How to sell more to current customers
It’s easier to upsell extra products or services to your current customer base than to find new shoppers.
As a mature business you may be less interested in chasing new customers and more interested in earning additional money from your existing ones. It’s certainly easier to upsell extra products or services to your current customer base than to find new shoppers.
Selling more to customers is a popular strategy because it costs less than selling to new customers. Your current customers:
Consider these tips to increase your revenue from existing customers.
Conduct informal research on your current customer base, with the intention of finding out what they’re disappointed they can’t purchase from your business. Engage with your customers through social media channels to find out what they want.
Ideally, you want to be selling the right products or services to the right people. By passively enquiring, you should get some ideas on how you can sell more to your existing customers.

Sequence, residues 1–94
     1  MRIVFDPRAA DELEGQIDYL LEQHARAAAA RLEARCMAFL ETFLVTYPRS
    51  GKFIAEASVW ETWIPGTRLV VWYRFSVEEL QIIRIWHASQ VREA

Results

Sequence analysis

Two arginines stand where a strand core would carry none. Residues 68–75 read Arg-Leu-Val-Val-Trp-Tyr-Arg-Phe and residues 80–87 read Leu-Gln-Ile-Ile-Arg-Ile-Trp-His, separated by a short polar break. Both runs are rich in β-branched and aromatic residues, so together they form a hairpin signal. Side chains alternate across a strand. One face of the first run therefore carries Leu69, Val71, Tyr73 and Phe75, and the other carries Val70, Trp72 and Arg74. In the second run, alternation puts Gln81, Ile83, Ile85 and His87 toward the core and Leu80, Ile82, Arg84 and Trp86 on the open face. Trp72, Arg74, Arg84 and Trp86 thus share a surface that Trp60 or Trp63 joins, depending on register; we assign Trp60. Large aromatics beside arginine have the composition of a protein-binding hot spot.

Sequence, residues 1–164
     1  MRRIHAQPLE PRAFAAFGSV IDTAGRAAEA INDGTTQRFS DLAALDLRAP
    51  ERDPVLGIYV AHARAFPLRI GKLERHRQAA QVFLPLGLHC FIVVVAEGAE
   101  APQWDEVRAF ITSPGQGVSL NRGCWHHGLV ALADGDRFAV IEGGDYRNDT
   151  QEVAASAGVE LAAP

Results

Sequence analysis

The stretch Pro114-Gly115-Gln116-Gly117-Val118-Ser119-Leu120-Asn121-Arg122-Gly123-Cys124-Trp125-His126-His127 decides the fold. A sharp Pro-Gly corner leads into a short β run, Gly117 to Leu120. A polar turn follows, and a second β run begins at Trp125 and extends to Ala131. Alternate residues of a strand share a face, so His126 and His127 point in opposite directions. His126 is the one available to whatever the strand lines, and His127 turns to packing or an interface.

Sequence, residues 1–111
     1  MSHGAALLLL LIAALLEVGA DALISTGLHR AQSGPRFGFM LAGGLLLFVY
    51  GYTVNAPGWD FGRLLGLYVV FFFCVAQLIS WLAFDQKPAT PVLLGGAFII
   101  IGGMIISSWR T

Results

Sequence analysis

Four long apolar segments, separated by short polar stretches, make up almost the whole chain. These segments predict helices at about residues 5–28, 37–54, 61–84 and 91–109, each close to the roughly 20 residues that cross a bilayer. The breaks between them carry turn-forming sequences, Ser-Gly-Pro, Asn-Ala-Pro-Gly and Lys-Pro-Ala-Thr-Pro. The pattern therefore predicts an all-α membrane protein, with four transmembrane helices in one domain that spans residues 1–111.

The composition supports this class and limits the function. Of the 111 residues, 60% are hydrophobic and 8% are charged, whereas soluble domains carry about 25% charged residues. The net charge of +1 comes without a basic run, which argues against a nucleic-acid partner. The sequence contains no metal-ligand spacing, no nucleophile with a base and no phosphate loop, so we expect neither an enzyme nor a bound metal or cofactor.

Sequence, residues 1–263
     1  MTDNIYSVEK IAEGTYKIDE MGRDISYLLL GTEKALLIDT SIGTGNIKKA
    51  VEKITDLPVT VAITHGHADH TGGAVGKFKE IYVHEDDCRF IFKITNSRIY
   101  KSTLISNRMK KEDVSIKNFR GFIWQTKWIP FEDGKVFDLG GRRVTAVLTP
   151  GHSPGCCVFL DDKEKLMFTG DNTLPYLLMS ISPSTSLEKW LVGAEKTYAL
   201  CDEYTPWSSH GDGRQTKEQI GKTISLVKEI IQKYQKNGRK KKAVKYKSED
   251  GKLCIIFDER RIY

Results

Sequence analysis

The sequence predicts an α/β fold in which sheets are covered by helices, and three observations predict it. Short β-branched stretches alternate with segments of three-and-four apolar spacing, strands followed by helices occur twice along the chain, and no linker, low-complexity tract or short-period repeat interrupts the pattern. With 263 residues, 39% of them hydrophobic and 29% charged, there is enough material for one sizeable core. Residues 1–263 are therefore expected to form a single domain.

Pay attention to what else your customers need and give it to them. For example, a successful automotive repair shop that’s particularly busy each autumn and spring due to drivers requesting installation and then removal of their winter tires, could be introduced a new service – onsite tire storage.
By effectively charging rent for hundreds of tires sitting on shelves, passive income is created from this new service.
Transaction-focused managers fuss over profits earned in each deal, while relationship-focused managers think about the lifetime net value of each customer. Plenty of opportunities open up when you plan to sell to customers for 10, 20 or 30 years instead of only once.
Remind your customers regularly about everything else you do.
Often, as a supplier-customer relationship matures, the customer develops a narrow view of what that supplier does because that’s all the customer has ever purchased from the supplier.
Schedule a ‘show and tell’ session to enlighten your best customers about products or services they aren’t buying from your business – yet.
You may feel comfortable enough with your established customer to try a performance-based compensation arrangement. Rather than charging your usual flat-fee, you may determine there’s more money to be made by sharing the end revenue with your customer – putting some ‘skin in the game.’
For example, a marketing firm may believe so strongly in its recommendations that it strikes a deal with its client to be paid a percentage of the financial gains realized by implementing that advice.
By all means, continue to bring in fresh customers too. But consider focusing on doing more business with existing customers so you can take advantage of your well-earned reputation and relationships.